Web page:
I wasn’t going to write about the Southern Theater. I heard about the news of their financial difficulty on Facebook. An acquaintance of mine names Charles Cambell posted a status update on his wall: “O Southern, Southern, Southern. My heart goes out to you. (Although my gall bladder remains seething in my gut.)” Moments later, I had read Rohan Preston’s article and felt myself shocked, saddened, and worried about one of my favorite places in Minneapolis.
The reporter in me, admittedly, was a little annoyed that I had been scooped on the story. But as an artist and arts lover, I just felt sick. Three years ago, this city lost Theatre de la Jeune Lune, that magical and wonderful theatre that had inspired me and offered a unique artistic voice in Minneapolis. To lose the Southern, so soon afterward, would be too much of a blow.
At some point, I thought, can’t we, as a society, recognize the value of certain institutions that enrich our cultural life? If we don’t have organizations that support artistic risk-taking exploration, how do we expect that exploration to take place? Groundbreaking art cannot exist off of ticket sales alone. That kind of art needs to have some kind of supplemental funding. In other countries, the government provides funding for artists and arts organizations. In this country, that role has traditionally been played by foundations, but there is less and less foundation funding available.
So I made a comment on my own Facebook page. “If the Southern Theater were a bank, they’d be getting emergency federal funding,” I wrote. The comments spurred a long thread talking about whether we, people who have loved the Southern for years, should help them now when so much trust has been lost. Wendy Knox, Artistic Director of Frank Theater, encouraged me to write an article looking into some of the questions we all had about what has happened. Who is responsible for borrowing from the McKnight Funds? What exactly has been the change of leadership of the past five years, and what is the guarantee, if they can somehow continue, that mistakes won’t be repeated? [Read that article here.]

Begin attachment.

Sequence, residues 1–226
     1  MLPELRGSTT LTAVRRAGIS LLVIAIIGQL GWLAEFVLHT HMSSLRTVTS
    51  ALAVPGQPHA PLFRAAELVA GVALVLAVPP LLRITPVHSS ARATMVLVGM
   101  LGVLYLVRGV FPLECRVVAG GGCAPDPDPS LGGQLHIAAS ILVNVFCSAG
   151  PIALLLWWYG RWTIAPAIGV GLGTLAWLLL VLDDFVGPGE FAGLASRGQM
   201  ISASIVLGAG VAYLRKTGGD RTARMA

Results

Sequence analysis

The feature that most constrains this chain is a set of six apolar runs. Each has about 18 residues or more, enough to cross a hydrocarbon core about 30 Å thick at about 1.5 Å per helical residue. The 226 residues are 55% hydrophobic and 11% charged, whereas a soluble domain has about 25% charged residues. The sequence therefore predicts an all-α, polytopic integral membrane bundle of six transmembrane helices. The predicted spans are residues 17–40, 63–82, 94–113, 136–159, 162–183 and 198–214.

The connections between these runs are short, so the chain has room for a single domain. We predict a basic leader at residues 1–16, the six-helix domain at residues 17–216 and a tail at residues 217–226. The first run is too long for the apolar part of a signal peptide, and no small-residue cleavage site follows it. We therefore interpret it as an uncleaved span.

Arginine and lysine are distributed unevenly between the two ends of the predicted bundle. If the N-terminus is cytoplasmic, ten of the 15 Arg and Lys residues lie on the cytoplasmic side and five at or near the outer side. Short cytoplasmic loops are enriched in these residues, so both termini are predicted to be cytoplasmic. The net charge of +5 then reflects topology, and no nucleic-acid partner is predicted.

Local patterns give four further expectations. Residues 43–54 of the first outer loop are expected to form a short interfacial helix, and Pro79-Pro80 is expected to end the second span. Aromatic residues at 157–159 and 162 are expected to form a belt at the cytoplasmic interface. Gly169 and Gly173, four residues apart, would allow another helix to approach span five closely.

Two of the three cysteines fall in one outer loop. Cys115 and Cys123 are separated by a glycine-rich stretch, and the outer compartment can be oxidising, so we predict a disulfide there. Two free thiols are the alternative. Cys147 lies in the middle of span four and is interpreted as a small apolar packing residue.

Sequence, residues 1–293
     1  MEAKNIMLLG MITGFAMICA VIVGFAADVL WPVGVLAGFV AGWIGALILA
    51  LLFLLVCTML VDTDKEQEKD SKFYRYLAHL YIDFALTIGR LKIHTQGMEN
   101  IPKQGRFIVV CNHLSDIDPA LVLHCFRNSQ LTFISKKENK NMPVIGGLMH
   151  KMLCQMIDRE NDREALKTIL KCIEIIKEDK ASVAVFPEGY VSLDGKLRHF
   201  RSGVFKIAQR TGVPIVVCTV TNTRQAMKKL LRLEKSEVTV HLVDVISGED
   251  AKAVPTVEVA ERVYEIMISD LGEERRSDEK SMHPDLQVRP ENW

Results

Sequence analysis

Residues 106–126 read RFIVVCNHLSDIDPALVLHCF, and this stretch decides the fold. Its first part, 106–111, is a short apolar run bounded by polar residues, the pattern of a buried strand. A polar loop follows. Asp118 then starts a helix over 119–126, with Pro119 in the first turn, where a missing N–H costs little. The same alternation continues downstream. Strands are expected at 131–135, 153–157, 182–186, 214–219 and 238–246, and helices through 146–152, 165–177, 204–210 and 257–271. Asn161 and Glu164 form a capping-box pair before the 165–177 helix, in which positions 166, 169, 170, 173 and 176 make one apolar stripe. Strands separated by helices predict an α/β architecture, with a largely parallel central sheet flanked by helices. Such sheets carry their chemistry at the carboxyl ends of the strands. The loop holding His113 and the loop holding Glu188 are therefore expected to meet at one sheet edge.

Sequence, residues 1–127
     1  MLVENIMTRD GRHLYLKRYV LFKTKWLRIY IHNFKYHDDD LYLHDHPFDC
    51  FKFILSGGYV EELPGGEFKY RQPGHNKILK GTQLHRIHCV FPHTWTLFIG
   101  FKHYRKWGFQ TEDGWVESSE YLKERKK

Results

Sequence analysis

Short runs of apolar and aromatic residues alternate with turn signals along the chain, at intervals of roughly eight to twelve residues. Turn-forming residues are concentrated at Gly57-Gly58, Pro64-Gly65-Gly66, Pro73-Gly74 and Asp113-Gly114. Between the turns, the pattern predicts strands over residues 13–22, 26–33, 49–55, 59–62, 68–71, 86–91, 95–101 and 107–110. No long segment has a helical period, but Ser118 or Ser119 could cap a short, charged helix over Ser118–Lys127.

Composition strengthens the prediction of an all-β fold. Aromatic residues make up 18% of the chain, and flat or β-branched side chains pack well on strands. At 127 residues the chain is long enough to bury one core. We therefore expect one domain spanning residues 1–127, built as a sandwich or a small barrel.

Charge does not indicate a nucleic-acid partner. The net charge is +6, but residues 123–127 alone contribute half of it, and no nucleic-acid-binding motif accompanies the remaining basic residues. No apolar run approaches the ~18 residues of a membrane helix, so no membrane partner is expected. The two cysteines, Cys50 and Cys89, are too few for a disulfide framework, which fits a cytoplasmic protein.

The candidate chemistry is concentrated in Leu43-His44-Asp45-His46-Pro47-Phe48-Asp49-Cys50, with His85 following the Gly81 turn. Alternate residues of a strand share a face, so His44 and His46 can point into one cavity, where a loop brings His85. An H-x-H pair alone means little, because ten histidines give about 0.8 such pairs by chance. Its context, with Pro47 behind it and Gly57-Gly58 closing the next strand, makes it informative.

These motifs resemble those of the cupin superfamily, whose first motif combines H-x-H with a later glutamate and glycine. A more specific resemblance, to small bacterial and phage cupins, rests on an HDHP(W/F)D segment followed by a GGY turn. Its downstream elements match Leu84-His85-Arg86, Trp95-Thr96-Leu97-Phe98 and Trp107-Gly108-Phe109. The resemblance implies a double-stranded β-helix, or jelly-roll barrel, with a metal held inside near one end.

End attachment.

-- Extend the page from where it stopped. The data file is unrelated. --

So I decided to at least try to get some answers, knowing that it would be difficult. What made it even more difficult was my personal connection to the place. I have been seeing shows there since I was a kid. I’ve performed on the Southern’s stage many times, and many of my friends have performed there and worked there also.
Of course the fun part for me was talking to some of the people involved with the Southern at its very beginning. My favorite was Ben Kreilkamp’s story about how the artistic community rallied to save the building when there was a possibility that it might get torn down(although as Lowell Pickett pointed out, it never would have been saved without a $50,000 earmark from a federal grant.)
The hard part about writing the article was this giant fear that I could sense when speaking to a number of my sources. A fear of libel, maybe—a fear of liability. Those are real fears. But if the current Southern leadership wants to have any hope of making it thorugh this, they need to follow through on their statements of wanting to be transparent. At this point they have no choice.
If the worst happens, and we lose the Southern Theater as an organization, is it possible that the building will be saved again? The worst thing that could happen, in my mind, is for it to sit empty for years, or worse, get turned into condos or something horrible like that.
But the beautiful theater is just part of what makes the Southern Theater such a wonderful place. The other piece is the programming. If you’ve ever read any of my theater reviews, you’ll know I’m not the easiest person to please. The Southern is one of the few places in town that, even if they fail, they are at least trying new things, bringing in a diversity of programming that attempts to challenge audiences.
I’m scared. I’m scared about losing the Southern and about what that means for this city as a viable metropolitan center.